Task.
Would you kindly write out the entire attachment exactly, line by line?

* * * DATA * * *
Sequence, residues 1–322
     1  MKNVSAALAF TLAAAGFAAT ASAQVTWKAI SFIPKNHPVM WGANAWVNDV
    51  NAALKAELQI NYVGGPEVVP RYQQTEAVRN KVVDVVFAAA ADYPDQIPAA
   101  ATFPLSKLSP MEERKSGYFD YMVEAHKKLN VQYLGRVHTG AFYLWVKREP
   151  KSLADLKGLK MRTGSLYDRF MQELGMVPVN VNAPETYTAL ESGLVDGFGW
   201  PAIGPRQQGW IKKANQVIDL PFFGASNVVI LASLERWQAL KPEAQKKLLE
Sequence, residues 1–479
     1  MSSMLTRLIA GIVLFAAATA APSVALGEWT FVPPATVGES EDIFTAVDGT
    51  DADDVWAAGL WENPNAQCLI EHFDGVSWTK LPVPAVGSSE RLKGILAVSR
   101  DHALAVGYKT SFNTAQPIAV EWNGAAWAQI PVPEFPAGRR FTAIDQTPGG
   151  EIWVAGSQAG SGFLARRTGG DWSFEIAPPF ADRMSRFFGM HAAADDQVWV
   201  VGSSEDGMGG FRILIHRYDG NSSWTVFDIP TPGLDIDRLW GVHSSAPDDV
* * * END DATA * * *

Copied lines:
Sequence, residues 1–322
     1  MKNVSAALAF TLAAAGFAAT ASAQVTWKAI SFIPKNHPVM WGANAWVNDV
    51  NAALKAELQI NYVGGPEVVP RYQQTEAVRN KVVDVVFAAA ADYPDQIPAA
   101  ATFPLSKLSP MEERKSGYFD YMVEAHKKLN VQYLGRVHTG AFYLWVKREP
   151  KSLADLKGLK MRTGSLYDRF MQELGMVPVN VNAPETYTAL ESGLVDGFGW
   201  PAIGPRQQGW IKKANQVIDL PFFGASNVVI LASLERWQAL KPEAQKKLLE
Sequence, residues 1–479
     1  MSSMLTRLIA GIVLFAAATA APSVALGEWT FVPPATVGES EDIFTAVDGT
    51  DADDVWAAGL WENPNAQCLI EHFDGVSWTK LPVPAVGSSE RLKGILAVSR
   101  DHALAVGYKT SFNTAQPIAV EWNGAAWAQI PVPEFPAGRR FTAIDQTPGG
   151  EIWVAGSQAG SGFLARRTGG DWSFEIAPPF ADRMSRFFGM HAAADDQVWV
   201  VGSSEDGMGG FRILIHRYDG NSSWTVFDIP TPGLDIDRLW GVHSSAPDDV